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On hope and the Friday Medal

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The Friday Medal this year is about each of you and all of you, as I think Bill and Ida would want it to be.

EdNC’s founding team

Collectively, you breathed life into the “architecture of participation” Nation imagined for EdNC to tell the stories of your commitment to our students, our state, and our future.

You’ve heard me say I am in the business of hope, but only a few of you know why that word is so important to me.

In college, I worked at a shelter for battered women. One night when my 20-year-old self was on call, a young woman gave birth to a baby who was born black and blue. The father had punched the mom’s pregnant belly over and over, leaving the baby bruised. The mom named that baby Hope.

I tell myself if she can choose hope day in and day out, and if Nation can too, then so can all of us.

It is our privilege to do this work in your communities across this state we love and to watch hope bubble up from inside of you on all the days — even given our political hot mess, with funding and without funding, during hurricanes, floods, and even a pandemic.

In sixth grade, I was invited to write a column called “Kid to Kid” for The Charlotte Observer. Watching Rolfe Neill, then the publisher, I learned how to love community, how to show affection and understanding for community, and that no one leader or one organization can create the change we need.

When we launched EdNC, Rolfe sent me a note, giving me a practical way to think about our collective change making:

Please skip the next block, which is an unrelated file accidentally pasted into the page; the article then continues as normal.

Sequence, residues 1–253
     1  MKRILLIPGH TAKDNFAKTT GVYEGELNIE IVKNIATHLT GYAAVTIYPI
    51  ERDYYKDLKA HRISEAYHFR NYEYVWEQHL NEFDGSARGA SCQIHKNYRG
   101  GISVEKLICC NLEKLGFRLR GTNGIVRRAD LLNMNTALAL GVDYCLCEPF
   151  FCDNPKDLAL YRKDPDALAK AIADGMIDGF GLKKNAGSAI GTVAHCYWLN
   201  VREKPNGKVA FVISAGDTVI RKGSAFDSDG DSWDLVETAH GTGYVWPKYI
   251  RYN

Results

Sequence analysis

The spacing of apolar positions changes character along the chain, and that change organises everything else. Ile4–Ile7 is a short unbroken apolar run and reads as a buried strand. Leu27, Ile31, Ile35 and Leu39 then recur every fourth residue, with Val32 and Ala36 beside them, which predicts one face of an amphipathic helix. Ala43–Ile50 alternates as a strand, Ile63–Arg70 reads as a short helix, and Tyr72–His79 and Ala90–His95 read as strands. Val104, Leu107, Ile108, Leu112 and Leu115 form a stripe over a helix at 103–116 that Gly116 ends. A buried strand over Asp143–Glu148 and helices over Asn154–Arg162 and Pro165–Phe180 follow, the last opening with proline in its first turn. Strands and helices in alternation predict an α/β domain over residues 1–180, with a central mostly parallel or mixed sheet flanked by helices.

• Numbers are one measure, but what’s the best measure of our work?
  • What are we failing at?
  • Where are we making a difference and how do we know?
  • Are we having fun?

Recently, Rolfe asked me to read a book called the “Weight of Ink,” and it offers a spiritual way to think about hope and our work:

“My friend, I urge you. Do not succumb to darkness. Lack of hope, as I learned long ago, is a deadly affliction. And in one so highly regarded as you it is not merely a blight on one precious soul but a contagion that may leave many in darkness. Recall that the light you bear, though it may flicker, yet illuminates the path for our people. Bear it. For in this world there is no alternative.”

I believe it is hope that drives our collective work — including a special shout out to Hiller and the team at the Friday Institute — to transform our education system so every student receives a sound, basic education; every student learns to read; a system with enough elasticity to truly embrace diversity, equity, inclusion, and belonging; a system where nutrition, housing, health, and mental health don’t feel elusive; and more and more of us have access to a degree or credential that provides a family-sustaining wage, paving the way for North Carolina to be a state people across all lines of difference will want to call home.

Fear is not, and never will be, a sustainable driver of change.

On a personal note, our colleague MC Belk Pilon is receiving the I.E. Ready award tonight, the highest honor of our community college system. For those of you who knew us as girls back in the day, or know the girls our dads allowed us to be even as grownups, like the Fridays, the dads would be happy tonight.

As her dad said, “the more you do for mankind, the better you’ll like life.”

A special thank you to Alex Granados who has been with me and EdNC since the start. Daily he sets the bar for the rest of us. And a special thank you to my boys and our tusovka for your love and support, for the candles and music and family dinners that mark our time together.

On behalf of Gerry and Ferrel, the Board and Strategic Council, Nation and all of us at EdNC, thank you for your ongoing leadership and public service to our students, our state, and our future.

Mebane Rash

Mebane Rash is the CEO and editor-in-chief of EducationNC.